St. Louis Blues: 5 Reasons Ken Hitchcock Is the Best Coach in the NHL
The Jack Adams trophy is awarded to the coach in the NHL "adjudged to have contributed the most to his team's success". It is an award that every NHL coach strives to win year after year.
Hitchcock came into St. Louis determined to have the team reach its full potential. With two years of missing the playoffs, Hitchcock was ready to bring the team back into the postseason.
He did that and more. The Blues finished atop the Central Division, and only two points out of the top seed in the West and from the Presidents' Trophy. He brought the Blues back to the glory they had before the lockout.
Hitch was recognized as the best coach in the NHL, and here are the five reasons why.
'Defense First' Mentality
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Huge parts of the Blues' success this past season were the defense and goaltending.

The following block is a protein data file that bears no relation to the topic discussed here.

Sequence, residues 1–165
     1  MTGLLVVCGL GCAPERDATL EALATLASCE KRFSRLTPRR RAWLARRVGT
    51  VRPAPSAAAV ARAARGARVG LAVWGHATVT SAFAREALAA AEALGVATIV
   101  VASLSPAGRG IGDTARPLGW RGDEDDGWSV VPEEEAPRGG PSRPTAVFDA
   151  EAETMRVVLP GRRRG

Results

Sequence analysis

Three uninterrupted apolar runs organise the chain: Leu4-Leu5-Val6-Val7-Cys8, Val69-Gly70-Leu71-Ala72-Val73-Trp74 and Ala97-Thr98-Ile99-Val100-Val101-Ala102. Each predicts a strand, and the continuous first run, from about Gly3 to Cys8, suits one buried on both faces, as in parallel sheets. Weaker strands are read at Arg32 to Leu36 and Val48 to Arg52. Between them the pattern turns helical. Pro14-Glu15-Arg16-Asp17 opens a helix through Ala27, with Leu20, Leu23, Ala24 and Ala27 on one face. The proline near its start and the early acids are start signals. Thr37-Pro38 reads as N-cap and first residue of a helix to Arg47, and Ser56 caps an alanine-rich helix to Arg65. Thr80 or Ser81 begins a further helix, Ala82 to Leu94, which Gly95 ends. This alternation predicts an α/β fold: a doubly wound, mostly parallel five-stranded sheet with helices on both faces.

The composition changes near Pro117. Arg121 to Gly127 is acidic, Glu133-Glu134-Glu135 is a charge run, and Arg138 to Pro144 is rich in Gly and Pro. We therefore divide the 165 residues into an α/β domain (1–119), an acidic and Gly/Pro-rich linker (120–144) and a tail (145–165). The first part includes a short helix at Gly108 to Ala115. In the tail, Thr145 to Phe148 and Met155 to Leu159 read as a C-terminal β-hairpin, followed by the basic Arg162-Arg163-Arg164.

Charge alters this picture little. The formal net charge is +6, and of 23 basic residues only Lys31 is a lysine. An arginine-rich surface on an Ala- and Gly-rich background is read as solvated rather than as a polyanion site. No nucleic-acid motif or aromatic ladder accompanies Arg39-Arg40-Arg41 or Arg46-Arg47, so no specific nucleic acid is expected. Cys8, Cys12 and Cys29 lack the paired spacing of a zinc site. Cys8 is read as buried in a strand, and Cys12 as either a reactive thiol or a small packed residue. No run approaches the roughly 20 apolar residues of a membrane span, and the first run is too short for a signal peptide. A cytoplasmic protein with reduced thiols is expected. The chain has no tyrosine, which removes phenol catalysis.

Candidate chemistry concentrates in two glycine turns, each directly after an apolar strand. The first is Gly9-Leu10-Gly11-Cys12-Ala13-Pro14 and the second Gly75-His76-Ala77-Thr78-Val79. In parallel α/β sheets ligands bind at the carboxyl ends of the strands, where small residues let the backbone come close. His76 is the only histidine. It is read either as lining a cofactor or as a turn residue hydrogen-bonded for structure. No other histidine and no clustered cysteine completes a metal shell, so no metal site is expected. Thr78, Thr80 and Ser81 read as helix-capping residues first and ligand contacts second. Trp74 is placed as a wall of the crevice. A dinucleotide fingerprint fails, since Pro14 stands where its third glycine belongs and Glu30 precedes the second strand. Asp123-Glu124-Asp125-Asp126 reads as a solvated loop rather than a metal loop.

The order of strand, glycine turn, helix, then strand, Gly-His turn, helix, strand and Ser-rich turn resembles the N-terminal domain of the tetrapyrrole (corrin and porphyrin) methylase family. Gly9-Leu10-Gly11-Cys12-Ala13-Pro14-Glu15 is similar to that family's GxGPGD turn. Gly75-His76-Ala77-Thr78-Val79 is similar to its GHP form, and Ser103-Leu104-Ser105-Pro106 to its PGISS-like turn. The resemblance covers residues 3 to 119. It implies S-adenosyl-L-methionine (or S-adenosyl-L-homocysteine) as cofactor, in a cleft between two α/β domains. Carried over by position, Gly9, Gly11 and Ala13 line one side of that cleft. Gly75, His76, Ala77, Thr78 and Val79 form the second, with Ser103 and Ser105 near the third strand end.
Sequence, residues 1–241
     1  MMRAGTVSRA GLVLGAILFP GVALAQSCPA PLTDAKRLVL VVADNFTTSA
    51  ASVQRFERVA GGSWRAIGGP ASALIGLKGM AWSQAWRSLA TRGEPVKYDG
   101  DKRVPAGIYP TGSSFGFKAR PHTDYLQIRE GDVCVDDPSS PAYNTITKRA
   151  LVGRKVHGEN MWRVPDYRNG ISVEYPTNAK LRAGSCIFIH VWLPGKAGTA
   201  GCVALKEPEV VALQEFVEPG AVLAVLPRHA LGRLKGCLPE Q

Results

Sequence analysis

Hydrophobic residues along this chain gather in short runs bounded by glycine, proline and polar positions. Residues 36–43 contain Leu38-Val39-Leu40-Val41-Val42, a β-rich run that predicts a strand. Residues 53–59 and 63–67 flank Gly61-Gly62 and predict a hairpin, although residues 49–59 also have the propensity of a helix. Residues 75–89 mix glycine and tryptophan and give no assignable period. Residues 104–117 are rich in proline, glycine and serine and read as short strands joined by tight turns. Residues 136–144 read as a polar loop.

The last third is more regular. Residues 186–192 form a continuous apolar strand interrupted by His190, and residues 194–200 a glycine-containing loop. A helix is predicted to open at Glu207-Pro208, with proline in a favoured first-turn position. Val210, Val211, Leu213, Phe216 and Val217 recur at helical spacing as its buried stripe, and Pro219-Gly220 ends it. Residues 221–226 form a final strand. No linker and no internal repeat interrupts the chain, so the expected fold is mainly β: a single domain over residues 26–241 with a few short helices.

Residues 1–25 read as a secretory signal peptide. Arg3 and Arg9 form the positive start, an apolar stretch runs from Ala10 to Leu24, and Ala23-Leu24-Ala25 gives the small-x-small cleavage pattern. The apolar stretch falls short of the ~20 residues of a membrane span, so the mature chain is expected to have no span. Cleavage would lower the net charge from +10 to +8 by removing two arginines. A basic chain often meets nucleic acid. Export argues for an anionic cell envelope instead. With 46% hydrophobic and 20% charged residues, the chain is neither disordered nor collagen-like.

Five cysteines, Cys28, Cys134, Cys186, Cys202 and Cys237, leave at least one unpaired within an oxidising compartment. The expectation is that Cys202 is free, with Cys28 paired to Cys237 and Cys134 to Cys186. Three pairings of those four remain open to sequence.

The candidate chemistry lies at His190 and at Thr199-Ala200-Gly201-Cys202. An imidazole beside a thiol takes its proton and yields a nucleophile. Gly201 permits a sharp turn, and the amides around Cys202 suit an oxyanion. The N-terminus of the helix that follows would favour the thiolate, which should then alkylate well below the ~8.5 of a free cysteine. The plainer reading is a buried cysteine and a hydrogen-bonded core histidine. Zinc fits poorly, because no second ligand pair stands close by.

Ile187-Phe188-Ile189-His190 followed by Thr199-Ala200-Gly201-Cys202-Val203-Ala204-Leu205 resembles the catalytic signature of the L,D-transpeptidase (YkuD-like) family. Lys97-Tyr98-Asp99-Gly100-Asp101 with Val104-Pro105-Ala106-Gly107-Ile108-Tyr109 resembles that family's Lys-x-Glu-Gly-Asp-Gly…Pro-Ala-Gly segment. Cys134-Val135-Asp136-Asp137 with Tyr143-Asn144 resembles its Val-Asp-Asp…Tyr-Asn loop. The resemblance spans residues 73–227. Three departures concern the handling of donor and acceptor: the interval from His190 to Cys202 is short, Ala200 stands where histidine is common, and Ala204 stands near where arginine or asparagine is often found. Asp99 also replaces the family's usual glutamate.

The Blues had a GAA of 1.89 and allowed the fewest average shots per game with 26.7. Before Hitchcock came to St. Louis, the Blues were 17th in GAA (2.78) while still second in shots allowed (27.7).
While part of the success was due to Brian Elliott and Jaroslav Halak having monster years, another part was a security measure. Halak and Elliott could play a little farther out of the crease and make slightly riskier plays because they knew their defense was back to help them out.
Hitchcock taught his defensemen the effects that shot-blocking has for helping out their goaltenders and taught the forwards how important it was to backcheck to the zone.
A saying in sports is "Defense wins championships," and while the Blues didn't win a championship, they did prove defense is necessary for success.
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In his first year in the NHL since being fired in the 2009-2010 season, Ken Hitchcock won the Jack Adams award. While it is a prestigious award, it was not his biggest accomplishment.